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  • Writer's pictureBenjamin Kassel

"Never Gonna Give You Up": the perfect song for a worldwide day of pranks

Does it count as a rickroll if you’re told right away?

Alright, there’s no way I could pass up this one. (And that title question is a completely serious ask for me — does even seeing this song in some way, shape, or form, without hearing it still qualify? I personally don’t think so, but you all probably have your own definitions of the rickroll.)

It’s April Fools’ Day, and there’s no song which encapsulates the art of the prank more than Rick Astley’s 1987 hit “Never Gonna Give You Up.” What’s remarkable is that, despite the song’s age and its international chart-topping success, it took over two decades for it to become any sort of meme. Once it did become one, though, it became nigh impossible to stop. From one bait-and-switch on 4chan in March 2007, the cesspool of the internet, rickrolling swept across the web, with April Fools' Day the next two years proving to be the ideal launchpad for its proliferation.

Fifteen years later, I’m marveled by the meme and the song’s staying power, to the point that “XcQ,” the ending to the official music video’s URL, is often picked out in an instant from a cornucopia of links. I know for myself that it’s saved me from the internal embarrassment of the rickroll hundreds of times, especially within the past few years. The thing is, sometimes I’m okay with hearing “Never Gonna Give You Up,” because it honestly isn’t a bad song, meme or not. It’s a well-executed and extremely danceable soul/pop number, with oh-so-80s string and brass synths and both lead and backing vocals that can get into anybody’s heads with ease.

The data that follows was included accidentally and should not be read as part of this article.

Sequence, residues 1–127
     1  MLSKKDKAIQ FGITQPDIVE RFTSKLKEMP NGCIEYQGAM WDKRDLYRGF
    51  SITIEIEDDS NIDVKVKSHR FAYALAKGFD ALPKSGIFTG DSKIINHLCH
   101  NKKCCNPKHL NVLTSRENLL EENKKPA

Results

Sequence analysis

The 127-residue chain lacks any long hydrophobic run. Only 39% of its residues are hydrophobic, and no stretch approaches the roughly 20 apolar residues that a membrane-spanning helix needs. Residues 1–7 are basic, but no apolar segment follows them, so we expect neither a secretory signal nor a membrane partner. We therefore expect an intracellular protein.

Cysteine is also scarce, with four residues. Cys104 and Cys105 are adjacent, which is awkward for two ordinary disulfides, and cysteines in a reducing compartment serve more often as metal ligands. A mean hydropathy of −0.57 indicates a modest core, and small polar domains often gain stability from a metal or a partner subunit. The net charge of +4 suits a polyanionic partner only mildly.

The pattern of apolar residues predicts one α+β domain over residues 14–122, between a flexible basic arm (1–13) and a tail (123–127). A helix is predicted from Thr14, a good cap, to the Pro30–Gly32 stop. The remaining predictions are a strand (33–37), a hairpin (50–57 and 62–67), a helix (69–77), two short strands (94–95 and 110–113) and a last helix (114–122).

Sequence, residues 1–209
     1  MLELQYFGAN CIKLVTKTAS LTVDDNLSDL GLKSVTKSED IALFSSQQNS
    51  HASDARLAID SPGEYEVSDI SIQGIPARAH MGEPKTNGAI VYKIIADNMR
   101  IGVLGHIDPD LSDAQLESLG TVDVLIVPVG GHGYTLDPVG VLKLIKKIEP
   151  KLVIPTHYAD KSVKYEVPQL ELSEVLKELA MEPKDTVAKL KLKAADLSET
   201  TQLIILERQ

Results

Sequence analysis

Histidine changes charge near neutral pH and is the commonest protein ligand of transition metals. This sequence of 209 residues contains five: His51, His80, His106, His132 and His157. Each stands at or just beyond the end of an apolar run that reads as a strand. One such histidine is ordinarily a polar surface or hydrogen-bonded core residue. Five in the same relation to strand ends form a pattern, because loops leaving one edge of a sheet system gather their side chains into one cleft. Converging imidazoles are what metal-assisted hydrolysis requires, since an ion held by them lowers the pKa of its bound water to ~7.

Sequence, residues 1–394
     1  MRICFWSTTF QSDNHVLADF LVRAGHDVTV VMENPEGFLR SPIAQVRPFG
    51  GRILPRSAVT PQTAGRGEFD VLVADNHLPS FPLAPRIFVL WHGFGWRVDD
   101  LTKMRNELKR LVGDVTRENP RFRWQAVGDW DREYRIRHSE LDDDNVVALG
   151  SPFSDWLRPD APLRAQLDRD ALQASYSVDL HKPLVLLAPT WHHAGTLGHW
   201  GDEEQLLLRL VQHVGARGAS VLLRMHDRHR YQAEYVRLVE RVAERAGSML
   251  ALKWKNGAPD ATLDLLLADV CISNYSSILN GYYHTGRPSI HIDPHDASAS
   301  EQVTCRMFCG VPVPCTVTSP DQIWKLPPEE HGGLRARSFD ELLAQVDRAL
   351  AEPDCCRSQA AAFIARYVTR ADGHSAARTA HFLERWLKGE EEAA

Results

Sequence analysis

Seriously, without it being a meme, it would probably (still?) be regarded as a pretty good track. The instrumental alone, while unmistakably 80s in its gated reverb drums and Yamaha DX7 synth (Polyphonic made an excellent video about how that synth defined the musical decade), is enough to get just about anyone at least nodding their head. Maybe that’s what makes rickrolling so infuriating: not only are you pranked in such a well-known fashion, but it’s an earworm because it’s just a straight-up good composition and production by the trio Stock Aitken Waterman. Their lyrics are nothing special, but in their regular language they become more embedded in our culture because they can so easily be thrown into natural conversation — a more subtle and even less expected form of the rickroll that I’ve been guilty of both giving and receiving.

So what made “Never Gonna Give You Up” as conducive to being a meme as any audio ever? Well, there’s certainly a musical side to it, between its natural catchiness and Astley’s crooned lyrics. However, I think the music video might have more to do with it being so viral than anything. The song may be most recognizable… well, as a song, but as a meme it’s best served in visual format, and Astley’s quasi-dancing combined with the acrobatic moves of the... bartender in the video scream “meme” to me more than any other feature. To me, the video made the audio a meme alongside it, to the point that the song, with or without the visual accompaniment, has become an even more prevalent meme.

I’ve never been super into April Fools' Day, but when I heard “Never Gonna Give You Up” recently I knew it was the perfect song for this spot on the calendar. Between it being just a fun song and one of the simplest yet most widely understood memes in existence, there’s so much cultural context and memory packed into every listen that the intrigue around it and its status only grows with every listen.


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